Just five miles north of Lancaster lies Morecambe, a seaside town belonging to Lancaster, the county town of Lancashire in the north-west of England. Riddled with poverty, ruined by widespread substance and alcohol addiction, the town has fallen into disrepair. Two piers lost and a mass exodus of tourism. And yet, the Midland Hotel remains. An outrageous piece of art deco architecture built in the streamline moderne style. It stands like a gigantic steamship as a monument to glamour from a time forgotten, a concrete sibyl frozen to death on the mudflats. She sings to men overdosing in their beds, falling in methadone dreams deeper than sleep, out across schoolyards of children weak with rickets. Starvation plays tricks on the mind and one might see a mirage rise out of the water. He saw the town drowned in mascara as black as crude oil.
It was this frisson of the miraculous that attracted Ezra each month. He had booked almost every single room in the place, forty-four in total. Tonight, he had room twenty-nine, the final one. Ezra drifted through the Midland in a daze. When he ordered a pint of Carlsberg at the hotel bar, he imagined he was being directed by Josef von Sternberg. He sprayed himself in clouds of Hermès 24 Faubourg and saw himself as Lola Lola in Der Blaue Engel. That Friday he completed the optimisation report earlier than requested so he could leave the Preston office at 3pm and beat traffic. Amongst other garments, he had packed a black Chloé baby-doll, Emille Pucci tulle briefs, garter belt and stockings. Many a young man has dreamed of the Midland, of corridors that led into other corridors. Ezra wanted to enter a room and not be aware that it led into another room; some unknown, adjacent space. In his dream, he flung open a door and found an Atelier Versace wedding dress with a single hole eaten through by a red-black cinnabar moth. Its wings shook and closed like speaking bloodshot.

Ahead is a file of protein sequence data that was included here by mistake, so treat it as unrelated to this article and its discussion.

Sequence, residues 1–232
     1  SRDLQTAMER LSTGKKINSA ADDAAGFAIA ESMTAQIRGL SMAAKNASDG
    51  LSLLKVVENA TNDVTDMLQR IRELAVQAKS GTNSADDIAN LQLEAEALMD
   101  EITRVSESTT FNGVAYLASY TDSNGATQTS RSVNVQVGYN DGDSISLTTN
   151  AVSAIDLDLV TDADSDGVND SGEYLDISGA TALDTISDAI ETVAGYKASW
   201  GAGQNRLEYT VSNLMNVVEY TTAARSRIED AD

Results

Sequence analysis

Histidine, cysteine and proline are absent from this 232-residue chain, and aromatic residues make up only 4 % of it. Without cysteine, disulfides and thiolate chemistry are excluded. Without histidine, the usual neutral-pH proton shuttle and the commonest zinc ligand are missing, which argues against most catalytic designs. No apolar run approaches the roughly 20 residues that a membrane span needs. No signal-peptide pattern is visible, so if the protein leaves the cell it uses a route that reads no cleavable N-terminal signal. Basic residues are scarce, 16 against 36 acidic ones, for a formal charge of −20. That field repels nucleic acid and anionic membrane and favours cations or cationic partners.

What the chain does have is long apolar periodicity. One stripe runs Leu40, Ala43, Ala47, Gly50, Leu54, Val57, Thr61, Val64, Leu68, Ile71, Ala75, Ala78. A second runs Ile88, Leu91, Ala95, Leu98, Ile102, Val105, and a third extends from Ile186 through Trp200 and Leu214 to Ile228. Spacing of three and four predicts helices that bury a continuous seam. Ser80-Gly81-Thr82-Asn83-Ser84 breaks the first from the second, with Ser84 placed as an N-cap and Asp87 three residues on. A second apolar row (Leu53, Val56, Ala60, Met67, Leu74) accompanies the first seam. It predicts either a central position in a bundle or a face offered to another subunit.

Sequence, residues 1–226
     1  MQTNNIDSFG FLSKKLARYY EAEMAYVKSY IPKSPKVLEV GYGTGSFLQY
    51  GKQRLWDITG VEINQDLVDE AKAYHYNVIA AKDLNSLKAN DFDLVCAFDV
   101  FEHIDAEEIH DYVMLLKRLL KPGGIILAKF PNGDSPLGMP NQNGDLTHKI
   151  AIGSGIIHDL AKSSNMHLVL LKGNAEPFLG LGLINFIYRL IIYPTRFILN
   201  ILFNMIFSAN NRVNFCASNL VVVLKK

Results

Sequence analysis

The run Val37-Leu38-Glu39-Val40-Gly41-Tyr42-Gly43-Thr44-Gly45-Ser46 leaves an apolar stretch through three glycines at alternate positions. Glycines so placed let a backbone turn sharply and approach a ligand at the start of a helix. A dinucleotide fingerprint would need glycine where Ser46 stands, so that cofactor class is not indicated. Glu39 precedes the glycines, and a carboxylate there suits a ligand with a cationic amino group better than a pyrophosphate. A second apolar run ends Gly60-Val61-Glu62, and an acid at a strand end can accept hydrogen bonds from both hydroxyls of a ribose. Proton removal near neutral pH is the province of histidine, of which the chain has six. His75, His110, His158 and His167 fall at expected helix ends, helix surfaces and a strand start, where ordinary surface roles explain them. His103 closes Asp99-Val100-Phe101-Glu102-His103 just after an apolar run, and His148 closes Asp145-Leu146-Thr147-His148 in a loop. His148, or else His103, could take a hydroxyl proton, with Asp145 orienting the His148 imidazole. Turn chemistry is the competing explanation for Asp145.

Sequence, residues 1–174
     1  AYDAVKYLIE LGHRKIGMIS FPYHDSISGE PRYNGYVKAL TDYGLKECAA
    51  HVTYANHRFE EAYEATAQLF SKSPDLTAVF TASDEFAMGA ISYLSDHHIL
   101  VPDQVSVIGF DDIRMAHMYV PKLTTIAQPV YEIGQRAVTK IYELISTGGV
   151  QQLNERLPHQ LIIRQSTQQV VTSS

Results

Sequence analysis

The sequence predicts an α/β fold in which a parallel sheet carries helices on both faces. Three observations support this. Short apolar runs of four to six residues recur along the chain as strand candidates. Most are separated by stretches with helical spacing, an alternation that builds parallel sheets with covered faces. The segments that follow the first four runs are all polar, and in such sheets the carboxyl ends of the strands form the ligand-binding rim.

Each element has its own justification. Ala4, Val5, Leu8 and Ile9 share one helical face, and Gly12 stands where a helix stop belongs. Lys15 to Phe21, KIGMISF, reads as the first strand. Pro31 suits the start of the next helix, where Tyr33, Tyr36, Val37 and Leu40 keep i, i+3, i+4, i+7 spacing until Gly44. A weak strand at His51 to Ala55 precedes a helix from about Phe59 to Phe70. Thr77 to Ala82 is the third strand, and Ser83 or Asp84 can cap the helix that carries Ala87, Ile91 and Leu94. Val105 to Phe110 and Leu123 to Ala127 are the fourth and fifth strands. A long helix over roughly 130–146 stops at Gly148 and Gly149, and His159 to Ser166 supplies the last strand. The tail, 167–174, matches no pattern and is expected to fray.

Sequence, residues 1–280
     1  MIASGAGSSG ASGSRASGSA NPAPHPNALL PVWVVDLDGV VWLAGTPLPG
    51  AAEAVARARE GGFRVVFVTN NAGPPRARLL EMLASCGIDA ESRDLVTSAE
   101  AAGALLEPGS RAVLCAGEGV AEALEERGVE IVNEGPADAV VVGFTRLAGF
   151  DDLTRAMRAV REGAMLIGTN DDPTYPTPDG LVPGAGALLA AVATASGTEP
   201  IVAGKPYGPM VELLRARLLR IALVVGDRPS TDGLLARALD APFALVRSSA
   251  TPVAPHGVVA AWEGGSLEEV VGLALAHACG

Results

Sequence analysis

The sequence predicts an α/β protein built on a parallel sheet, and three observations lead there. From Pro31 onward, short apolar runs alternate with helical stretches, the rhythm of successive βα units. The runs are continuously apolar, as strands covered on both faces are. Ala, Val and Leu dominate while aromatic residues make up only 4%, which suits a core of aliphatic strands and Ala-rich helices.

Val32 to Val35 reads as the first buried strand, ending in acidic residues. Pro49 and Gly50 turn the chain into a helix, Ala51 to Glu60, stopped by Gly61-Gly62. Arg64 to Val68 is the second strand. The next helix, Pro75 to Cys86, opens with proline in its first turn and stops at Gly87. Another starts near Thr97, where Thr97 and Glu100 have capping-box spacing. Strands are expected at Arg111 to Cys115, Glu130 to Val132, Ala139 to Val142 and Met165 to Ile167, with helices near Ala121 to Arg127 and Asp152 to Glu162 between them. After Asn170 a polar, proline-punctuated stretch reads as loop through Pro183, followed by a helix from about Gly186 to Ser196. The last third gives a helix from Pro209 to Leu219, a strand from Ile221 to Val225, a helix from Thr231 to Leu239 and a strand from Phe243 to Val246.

“Debit or credit, sir?” asked the polite receptionist who recognised Ezra but respected the relative anonymity that the hotel afforded all clientele.
“Credit,” he replied, aware that his funds for the month wouldn’t cover the food and drinks.
“Very good,” she replied, her manner in keeping with the gigantic cylinder entrance, its ambient decadence.
Ezra had come into some money following the sudden death of his sister but that had pretty much all been used up now, what with the hotel trips and the evenings out with men, often to upmarket bistros in Manchester. He had taken to shoplifting at the weekends but only from the expensive boutiques where no one would suspect a man in his early sixties. He would sometimes wear the Emille Pucci briefs under his corduroy trousers as he quietly slipped the Charlotte Tilbury eyeshadow into his pocket. He sometimes wandered through the cheaper chemists (Superdrug, Boots) and glanced upon the younger girls as they picked eyelashes off each other’s faces like bonobos hunting for fleas. He wanted to snatch beauty back from them because they didn’t need it. At night, he studied the small veins in his wrists like emerald scars and prayed to find a single piece of ambergris on the beach one day. He looked at failed men in their 501s. His destiny went beyond denim.